The Greater Whitsunday Food Network was established in July 2015 to bring together the farm to plate value chain following a series of workshops and projects designed to encourage and support investment in local food and agritourism products in the region.
A key outcome was the release of the Mackay, Isaac, Whitsunday (MIW) Food and Agritourism Strategic Action Plan
This report identified the key actions necessary to transition from an agricultural region to a food and agritourism region. The formation of the Greater Whitsunday Food Network was the first step in this process and our organisation is working to implement key actions from within the strategy.The five key themes and our approach to these include:
By 2020 we will be a community connected to our food. We will be recognised as a fresh taste destination grown out of authentic seasonal experiences.
The Greater Whitsunday Region comprises the Mackay, Isaac and Whitsunday Regional Council areas This covers 90,000 square kilometres, which is three times the size of Belgium and twice as big as Denmark.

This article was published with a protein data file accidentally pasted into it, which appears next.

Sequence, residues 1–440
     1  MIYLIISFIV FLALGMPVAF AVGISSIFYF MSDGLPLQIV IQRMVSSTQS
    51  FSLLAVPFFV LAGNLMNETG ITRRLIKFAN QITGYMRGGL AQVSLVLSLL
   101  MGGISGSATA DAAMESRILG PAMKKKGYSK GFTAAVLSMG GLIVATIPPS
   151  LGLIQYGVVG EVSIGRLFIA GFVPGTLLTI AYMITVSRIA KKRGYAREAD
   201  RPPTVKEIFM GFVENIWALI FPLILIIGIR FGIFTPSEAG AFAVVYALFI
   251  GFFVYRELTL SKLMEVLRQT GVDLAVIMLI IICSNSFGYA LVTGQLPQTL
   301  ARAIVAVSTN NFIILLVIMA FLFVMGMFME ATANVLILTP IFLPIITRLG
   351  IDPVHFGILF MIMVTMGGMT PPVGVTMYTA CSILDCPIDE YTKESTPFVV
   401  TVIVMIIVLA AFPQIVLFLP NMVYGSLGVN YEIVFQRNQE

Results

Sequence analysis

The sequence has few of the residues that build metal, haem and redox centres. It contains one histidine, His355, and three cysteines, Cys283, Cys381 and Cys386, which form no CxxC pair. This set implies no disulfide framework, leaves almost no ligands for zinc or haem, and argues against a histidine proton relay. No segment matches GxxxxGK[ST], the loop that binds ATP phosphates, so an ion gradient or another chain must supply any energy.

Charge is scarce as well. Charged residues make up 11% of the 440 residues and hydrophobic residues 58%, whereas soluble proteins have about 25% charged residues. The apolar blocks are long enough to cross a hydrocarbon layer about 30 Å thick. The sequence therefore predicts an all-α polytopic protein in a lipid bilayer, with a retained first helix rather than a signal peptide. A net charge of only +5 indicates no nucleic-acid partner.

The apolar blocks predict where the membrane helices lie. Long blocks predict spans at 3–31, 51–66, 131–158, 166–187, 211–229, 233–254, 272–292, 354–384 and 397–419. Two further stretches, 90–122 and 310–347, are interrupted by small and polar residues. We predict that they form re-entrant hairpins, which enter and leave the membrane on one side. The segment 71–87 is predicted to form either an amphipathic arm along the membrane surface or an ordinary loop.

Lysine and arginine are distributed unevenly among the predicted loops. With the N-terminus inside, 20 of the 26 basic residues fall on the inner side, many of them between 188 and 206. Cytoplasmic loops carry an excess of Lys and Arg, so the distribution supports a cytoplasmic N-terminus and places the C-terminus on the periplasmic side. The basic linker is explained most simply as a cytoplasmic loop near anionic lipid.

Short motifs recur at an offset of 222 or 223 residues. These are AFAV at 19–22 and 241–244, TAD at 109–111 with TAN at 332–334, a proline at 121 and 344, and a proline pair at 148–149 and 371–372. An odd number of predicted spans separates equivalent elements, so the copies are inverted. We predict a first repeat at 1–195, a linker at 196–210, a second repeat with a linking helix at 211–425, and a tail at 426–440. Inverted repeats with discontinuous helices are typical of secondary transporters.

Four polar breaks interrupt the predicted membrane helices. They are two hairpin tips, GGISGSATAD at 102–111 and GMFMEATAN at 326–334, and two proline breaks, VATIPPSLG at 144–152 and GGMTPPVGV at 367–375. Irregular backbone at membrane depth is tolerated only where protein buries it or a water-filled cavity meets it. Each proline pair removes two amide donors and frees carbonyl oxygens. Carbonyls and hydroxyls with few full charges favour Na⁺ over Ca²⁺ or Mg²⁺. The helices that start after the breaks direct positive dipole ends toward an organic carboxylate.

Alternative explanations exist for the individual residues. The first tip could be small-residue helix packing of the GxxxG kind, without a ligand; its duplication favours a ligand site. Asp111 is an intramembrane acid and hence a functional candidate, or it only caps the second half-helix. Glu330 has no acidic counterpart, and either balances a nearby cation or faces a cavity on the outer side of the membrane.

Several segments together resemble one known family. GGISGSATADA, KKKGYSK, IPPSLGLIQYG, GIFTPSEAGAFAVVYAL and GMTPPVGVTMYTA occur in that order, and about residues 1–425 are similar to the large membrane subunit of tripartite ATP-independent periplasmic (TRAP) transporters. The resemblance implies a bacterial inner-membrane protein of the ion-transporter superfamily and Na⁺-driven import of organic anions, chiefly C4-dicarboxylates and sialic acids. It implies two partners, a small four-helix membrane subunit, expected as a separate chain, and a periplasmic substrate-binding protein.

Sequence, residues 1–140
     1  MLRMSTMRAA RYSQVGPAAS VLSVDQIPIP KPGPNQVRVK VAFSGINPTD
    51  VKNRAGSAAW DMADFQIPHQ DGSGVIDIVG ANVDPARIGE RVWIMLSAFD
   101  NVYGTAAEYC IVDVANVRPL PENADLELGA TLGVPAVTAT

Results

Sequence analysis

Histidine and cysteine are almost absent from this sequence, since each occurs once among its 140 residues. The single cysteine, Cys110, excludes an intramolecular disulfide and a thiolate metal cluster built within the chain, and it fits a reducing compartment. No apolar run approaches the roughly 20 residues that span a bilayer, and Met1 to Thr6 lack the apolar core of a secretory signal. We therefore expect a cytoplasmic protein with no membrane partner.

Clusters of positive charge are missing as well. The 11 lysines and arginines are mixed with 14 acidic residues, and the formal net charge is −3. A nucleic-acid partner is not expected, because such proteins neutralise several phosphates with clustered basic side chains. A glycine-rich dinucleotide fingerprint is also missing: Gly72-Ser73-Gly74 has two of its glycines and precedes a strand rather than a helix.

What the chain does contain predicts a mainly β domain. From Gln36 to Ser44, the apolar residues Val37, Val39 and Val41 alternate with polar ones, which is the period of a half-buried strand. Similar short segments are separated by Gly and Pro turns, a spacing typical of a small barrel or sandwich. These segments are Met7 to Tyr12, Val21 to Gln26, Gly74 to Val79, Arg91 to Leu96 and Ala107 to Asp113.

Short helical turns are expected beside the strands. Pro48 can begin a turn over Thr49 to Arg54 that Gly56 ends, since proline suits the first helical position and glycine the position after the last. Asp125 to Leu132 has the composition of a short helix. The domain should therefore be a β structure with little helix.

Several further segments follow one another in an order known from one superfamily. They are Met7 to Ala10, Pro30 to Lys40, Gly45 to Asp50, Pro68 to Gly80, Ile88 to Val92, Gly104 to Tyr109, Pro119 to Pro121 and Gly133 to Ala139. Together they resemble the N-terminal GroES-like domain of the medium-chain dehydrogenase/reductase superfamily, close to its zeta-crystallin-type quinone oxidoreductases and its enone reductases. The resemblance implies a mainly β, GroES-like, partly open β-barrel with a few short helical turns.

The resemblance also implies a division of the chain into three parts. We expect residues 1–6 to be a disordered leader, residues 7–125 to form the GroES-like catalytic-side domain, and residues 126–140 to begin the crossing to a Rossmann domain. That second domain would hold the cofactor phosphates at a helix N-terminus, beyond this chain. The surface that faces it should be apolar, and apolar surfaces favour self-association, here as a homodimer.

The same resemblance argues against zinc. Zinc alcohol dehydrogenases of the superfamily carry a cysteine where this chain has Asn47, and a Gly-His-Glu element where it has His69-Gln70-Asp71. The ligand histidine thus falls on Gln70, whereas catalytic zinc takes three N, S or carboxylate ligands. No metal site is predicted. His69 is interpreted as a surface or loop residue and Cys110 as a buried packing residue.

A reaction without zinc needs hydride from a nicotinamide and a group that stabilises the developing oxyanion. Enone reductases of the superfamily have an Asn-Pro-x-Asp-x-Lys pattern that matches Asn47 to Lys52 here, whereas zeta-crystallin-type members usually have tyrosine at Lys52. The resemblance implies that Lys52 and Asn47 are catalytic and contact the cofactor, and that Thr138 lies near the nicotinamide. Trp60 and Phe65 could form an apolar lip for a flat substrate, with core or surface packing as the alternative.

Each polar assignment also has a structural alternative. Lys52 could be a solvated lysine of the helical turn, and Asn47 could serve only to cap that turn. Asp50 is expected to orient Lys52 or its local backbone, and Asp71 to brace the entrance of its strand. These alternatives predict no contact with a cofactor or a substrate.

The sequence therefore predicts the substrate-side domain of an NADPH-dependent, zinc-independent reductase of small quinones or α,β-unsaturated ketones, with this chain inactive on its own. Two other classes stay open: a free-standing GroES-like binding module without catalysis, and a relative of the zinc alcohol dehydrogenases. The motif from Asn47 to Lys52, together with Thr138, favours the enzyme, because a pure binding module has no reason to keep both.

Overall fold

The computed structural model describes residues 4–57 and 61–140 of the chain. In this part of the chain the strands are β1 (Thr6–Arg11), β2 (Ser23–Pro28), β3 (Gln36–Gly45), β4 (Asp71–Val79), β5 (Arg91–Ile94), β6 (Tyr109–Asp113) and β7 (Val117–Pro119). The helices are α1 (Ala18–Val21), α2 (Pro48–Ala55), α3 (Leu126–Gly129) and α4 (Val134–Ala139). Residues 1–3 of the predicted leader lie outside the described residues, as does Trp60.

We have abundant resources and diverse landscapes to produce quality food all year around. With a diversity of rainfall and temperature we boast a broad range of agricultural production in different parts of the region. The wetter coastal regions around Mackay are ideal for cane growing with Bowen’s slightly drier climate well suited to winter vegetable production. The drier western areas are ideally suited to crop and cattle production. This allows us to produce world-class beef, grains, sugar, seafood, aquaculture, fruit and vegetables all within the same region.
In the north, Bowen is the largest winter vegetable production region in Australia, with capsicums, tomatoes, beans and melons among the main crops.
To the west, Clermont is cattle country, boasting a beef herd in excess of 500,000. According to Regional Development Australia the industry accounts of a gross value of nearly $500m, which represents just under 10% of Queensland’s total beef production.
Another significant industry is aquaculture, with a major prawn farm south of Mackay and a larger facility on the drawing board for north of Bowen.
The small township of Sarina is gaining a reputation as a big player in the food tourism sector, with Sarina Sugar Shed producing its award
winning rum along with their very popular range of sauces, liquers and ice-cream. Visitors can take a tour of the mini mill, taste the products
made on site and learn about the production of sugar in the region. Sarina Sugar Shed has recently taken out Queensland Tourism awards in Food
Tourism and for Tourism Wineries, Distilleries and Breweries.